One argument made by Gelb in the motion to dismiss is that certain of the allegations against Gelb must be dismissed due to sovereign immunity under the Eleventh Amendment of the United States Constitution. Briefly stated, sovereign immunity bars all claims for damages against states, and this includes claims against state employees acting in their official capacities. See generally Seminole Tribe of Florida v. Florida, 517 U.S. 44, 72 (1996). A more extensive discussion of sovereign immunity in the context of prison litigation can be found in Section III of the Greene Memorandum and Order. Under this doctrine, all claims under state law against unconsenting states, including an employee of the state acting in his or her official capacity, must be dismissed and claims for damages under federal law against unconsenting states must also be dismissed. Id. Gelb, as superintendent of a state correctional institution, is undisputedly a state employee. Therefore, Denson's claims against Gelb in his official capacity for damages under federal law and for all relief under state law do not state a claim upon which relief may be granted and any future amendment seeking to do so would be futile.

I further note some skepticism, based on the current complaint, that Denson will be able to amend the complaint in such a way as to avoid dismissal under the doctrine of qualified immunity of all claims for damages against Gelb in his individual capacity. I briefly note here that qualified immunity requires a two-part inquiry, including whether a constitutional violation is alleged and whether that violated right was "clearly established." See Ford v. Bender, 768 F.3d 15, 23 (1st Cir. 2014). The principles are covered in Section V of the attached Memorandum and Order in Greene. It seems unlikely that claims on the current theory of denial of a religious diet due to claimed disciplinary infractions would be considered a violation of a clearly established right, particularly since this is a claim that appears to be the subject of an emerging circuit split. Compare Kuperman v. Warden, 2009 WL 4042760 (D.N.H. Nov. 20, 2009)( Kuperman II )(finding claims of inmate denied kosher food for a dietary violation to be moot due to modifications of religious diet policy, but noting the possibility that even the modified policy could be a substantial burden on religious exercise) and Kuperman v. N.H. Dep't of Corr., 2007 WL 1200092 (D.N.H. Apr. 18, 2007)( Kuperman I ) (recommending a preliminary injunction where an inmate was denied a kosher diet as a penalty for occasions where he was alleged to have eaten non-kosher food) with Daly v. Davis, 2009 WL 773880 (7th Cir. Mar. 25, 2009)(holding that a prison's program that removes prisoners from religious diets for failure to comply with the religious diets does not substantially burden exercise of religion). Denson and his counsel, if one is secured, will nonetheless have the opportunity to reformulate his complaint to address the issue of qualified immunity in further briefing.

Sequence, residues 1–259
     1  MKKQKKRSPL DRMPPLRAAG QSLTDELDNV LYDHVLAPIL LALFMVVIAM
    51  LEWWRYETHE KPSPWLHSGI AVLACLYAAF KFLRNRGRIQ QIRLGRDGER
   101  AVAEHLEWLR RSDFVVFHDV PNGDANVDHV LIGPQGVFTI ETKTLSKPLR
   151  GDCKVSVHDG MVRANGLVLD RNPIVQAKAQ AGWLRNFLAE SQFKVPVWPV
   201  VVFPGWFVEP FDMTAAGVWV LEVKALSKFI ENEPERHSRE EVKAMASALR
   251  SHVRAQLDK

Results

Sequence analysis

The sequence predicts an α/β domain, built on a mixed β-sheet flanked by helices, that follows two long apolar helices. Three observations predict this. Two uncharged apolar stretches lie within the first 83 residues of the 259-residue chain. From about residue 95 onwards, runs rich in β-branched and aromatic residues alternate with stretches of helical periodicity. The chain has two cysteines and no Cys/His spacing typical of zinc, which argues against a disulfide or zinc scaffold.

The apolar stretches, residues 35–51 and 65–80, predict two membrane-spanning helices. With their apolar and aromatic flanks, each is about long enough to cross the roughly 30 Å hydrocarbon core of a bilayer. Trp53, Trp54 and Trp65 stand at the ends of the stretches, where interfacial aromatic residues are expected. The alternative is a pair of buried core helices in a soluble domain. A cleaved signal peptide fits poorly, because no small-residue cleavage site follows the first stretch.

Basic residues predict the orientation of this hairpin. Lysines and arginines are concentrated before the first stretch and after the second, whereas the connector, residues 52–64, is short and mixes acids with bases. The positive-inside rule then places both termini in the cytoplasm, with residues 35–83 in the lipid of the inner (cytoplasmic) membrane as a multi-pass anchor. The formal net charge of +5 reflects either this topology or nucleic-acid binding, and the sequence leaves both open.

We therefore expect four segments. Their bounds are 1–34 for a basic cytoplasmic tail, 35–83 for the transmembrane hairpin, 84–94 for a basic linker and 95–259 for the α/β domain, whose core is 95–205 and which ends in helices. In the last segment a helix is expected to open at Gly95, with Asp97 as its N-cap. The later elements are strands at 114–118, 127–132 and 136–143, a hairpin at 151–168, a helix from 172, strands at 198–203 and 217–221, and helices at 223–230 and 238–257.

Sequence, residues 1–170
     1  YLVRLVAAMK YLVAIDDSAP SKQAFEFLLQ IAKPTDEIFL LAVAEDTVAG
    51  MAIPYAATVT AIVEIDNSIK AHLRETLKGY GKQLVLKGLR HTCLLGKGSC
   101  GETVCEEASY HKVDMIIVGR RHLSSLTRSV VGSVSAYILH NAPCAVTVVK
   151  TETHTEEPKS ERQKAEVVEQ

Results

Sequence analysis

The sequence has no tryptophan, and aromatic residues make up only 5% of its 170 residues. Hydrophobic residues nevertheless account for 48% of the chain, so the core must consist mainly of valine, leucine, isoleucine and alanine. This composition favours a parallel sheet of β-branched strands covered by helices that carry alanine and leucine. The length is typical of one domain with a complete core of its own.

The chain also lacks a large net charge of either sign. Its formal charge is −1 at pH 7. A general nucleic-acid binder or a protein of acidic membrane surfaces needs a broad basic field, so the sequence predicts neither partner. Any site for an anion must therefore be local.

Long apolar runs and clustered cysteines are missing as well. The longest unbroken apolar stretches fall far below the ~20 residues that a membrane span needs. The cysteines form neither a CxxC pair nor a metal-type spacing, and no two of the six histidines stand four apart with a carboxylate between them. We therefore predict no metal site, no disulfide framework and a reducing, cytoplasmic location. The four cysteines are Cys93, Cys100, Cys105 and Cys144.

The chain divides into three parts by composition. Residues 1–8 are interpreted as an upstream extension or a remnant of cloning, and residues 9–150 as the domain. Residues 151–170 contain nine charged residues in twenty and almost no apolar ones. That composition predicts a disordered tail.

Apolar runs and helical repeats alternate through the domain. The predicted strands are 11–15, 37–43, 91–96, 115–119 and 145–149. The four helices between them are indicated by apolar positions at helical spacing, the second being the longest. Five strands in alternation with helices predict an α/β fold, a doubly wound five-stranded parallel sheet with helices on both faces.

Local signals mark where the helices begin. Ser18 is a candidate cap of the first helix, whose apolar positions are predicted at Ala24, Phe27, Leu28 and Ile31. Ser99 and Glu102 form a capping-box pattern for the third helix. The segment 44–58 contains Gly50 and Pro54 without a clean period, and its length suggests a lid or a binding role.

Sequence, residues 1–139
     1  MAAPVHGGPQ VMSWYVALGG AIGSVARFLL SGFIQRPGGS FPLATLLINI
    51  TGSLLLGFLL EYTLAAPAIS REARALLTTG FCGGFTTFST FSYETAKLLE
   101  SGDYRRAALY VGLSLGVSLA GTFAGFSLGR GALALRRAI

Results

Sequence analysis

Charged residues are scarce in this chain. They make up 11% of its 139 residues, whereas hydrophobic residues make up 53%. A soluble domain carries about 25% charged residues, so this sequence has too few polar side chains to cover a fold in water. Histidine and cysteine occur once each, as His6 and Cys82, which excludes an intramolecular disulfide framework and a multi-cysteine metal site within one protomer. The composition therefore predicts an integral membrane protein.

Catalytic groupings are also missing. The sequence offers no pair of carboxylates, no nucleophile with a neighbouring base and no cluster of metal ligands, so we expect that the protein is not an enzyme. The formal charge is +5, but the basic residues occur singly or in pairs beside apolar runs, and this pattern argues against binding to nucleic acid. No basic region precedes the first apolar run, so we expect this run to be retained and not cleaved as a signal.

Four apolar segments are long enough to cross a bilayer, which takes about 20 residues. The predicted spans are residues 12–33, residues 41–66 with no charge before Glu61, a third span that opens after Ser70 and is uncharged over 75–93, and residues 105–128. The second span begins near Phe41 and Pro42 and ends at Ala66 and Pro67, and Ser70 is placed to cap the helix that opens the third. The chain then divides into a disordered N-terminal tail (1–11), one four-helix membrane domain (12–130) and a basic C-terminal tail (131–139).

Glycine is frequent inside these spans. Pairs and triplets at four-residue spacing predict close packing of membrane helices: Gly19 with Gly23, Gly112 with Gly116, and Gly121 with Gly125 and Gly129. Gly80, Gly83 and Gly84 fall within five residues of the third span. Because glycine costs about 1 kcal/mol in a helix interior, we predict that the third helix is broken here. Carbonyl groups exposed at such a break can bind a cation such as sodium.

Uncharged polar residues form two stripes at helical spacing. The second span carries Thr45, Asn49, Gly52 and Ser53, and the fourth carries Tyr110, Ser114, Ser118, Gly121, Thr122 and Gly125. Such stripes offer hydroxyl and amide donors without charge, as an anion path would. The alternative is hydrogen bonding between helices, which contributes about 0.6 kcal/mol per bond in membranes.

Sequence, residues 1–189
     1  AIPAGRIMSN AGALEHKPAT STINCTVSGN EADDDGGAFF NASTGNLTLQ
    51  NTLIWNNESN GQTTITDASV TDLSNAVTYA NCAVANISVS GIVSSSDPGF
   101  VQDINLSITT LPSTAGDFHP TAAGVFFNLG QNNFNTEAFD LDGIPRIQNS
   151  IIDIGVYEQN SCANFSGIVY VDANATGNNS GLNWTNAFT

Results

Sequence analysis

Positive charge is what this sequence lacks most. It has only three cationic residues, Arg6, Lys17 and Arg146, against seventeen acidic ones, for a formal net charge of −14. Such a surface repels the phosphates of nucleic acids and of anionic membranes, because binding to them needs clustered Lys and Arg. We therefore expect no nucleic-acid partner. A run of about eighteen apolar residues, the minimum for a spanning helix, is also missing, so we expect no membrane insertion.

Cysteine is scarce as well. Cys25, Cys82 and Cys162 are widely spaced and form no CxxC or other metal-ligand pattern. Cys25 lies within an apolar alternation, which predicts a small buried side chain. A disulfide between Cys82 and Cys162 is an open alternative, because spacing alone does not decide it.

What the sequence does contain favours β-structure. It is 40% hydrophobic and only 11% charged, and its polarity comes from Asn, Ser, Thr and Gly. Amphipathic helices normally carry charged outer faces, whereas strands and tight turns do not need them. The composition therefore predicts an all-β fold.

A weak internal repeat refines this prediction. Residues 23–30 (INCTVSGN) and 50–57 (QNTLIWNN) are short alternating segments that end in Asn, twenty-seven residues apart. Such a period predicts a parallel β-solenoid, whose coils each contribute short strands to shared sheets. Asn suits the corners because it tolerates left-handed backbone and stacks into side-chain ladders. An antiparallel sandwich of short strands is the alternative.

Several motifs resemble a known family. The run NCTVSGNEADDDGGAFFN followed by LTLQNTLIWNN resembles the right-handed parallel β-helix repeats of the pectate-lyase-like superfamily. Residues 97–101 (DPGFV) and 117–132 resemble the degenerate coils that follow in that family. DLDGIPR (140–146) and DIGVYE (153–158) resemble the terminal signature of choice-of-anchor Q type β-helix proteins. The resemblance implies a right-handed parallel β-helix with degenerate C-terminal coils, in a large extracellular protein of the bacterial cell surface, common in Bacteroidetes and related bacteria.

B. Appointment of Counsel

Denson has sought appointment of counsel to assist him in prosecuting his case. Civil plaintiffs do not have a constitutional right to appointed counsel. DesRosiers v. Moran, 949 F.2d 15, 23 (1st Cir. 1991). The statutory authority that permits courts to "request an attorney to represent any person unable to afford counsel, " 18 U.S.C. §1915(e)(1), is discretionary. King v. Greenblatt, 149 F.3d 9, 14 (1st Cir. 1998). A district court is only "compelled to invoke the statute, " and the First Circuit will only find reversible error in denying appointment of counsel, if "exceptional circumstances were present such that a denial of counsel was likely to result in fundamental unfairness impinging on [plaintiffs'] due process rights." Id. (quoting DesRosiers, 949 F.2d at 23).

After reviewing the current complaint, particularly in light of my parallel review in Greene, I am satisfied that some of Denson's claims, particularly the claims for prospective relief under federal law, may have significance. The issue of when an institution is permitted to withdraw religious diets presents an open question.[3] The First Circuit has not addressed this issue, and as Judge LaPlante has observed, it is an issue that has been slowly percolating through other circuits. See Kuperman II, 2009 WL 4042760, *6 ("A circuit split is brewing on this very issue, " referencing the decisions in Lovelace v. Lee, 472 F.3d 174 (4th Cir. 2006) and Brown-El v. Harris, 26 F.3d 68, 69-70 (8th Cir. 1994)). While Denson has limned his claims to the best of his ability to this point, the potential merit of this relatively novel and important legal issue would best be developed by trained counsel. Consequently, I will direct the Pro Se Staff Attorneys Office to take all reasonable steps to secure counsel for the plaintiff in this matter.

III. CONCLUSION

For these reasons, it is hereby ORDERED that:

1. Plaintiff's Renewed Motion to Appoint Counsel (Doc. No. 24) is GRANTED to the extent that the Pro Se Staff Attorneys Office is directed to take all reasonable steps to secure counsel for Denson, Plaintiff's Supplemental Motion for Appointment of Counsel (Doc. No. 26) is MOOT;

2. Plaintiff's Motion to Amend Complaint (Doc. No. 25) and Plaintiff's Supplemental Motion to Amend Complaint (Doc. No. 29) are DENIED without prejudice to renewal once counsel is appointed;

3. Plaintiff's Motion to Stay (Doc. No. 25) until resolution of the Motion to Appoint Counsel is GRANTED to the extent that the Pro Se Staff Attorneys Office will submit a status report on or before September 30, 2015, indicating whether counsel has been found to represent the plaintiff; if such counsel is identified, the stay shall be lifted and the Clerk shall promptly set the matter for a scheduling conference;

4. Plaintiff's Motion to Stay Ruling on Defendant's Motion to Dismiss (Doc. No. 27) is MOOT;

5. Defendant's Motion to Dismiss (Doc. No. 22) is MOOT in light of the prospect of renewal of a motion to amend the complaint if and when counsel is secured for plaintiff.

6. Plaintiff's motions for a temporary restraining order (Doc. Nos. 5 & 15) and to waive a ...